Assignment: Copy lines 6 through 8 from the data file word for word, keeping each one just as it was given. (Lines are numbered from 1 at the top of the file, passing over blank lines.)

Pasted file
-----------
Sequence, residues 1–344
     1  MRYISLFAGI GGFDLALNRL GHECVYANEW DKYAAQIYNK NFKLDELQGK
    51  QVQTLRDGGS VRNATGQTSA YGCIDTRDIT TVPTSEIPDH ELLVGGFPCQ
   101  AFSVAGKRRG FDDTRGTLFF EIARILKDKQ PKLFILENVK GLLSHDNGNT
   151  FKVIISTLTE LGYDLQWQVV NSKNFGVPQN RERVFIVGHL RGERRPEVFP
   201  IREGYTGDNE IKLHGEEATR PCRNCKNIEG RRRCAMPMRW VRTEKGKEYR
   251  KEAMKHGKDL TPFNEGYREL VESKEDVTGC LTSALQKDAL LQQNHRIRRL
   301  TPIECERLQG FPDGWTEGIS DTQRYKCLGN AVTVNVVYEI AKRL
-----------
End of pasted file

   201  IREGYTGDNE IKLHGEEATR PCRNCKNIEG RRRCAMPMRW VRTEKGKEYR
   251  KEAMKHGKDL TPFNEGYREL VESKEDVTGC LTSALQKDAL LQQNHRIRRL
   301  TPIECERLQG FPDGWTEGIS DTQRYKCLGN AVTVNVVYEI AKRL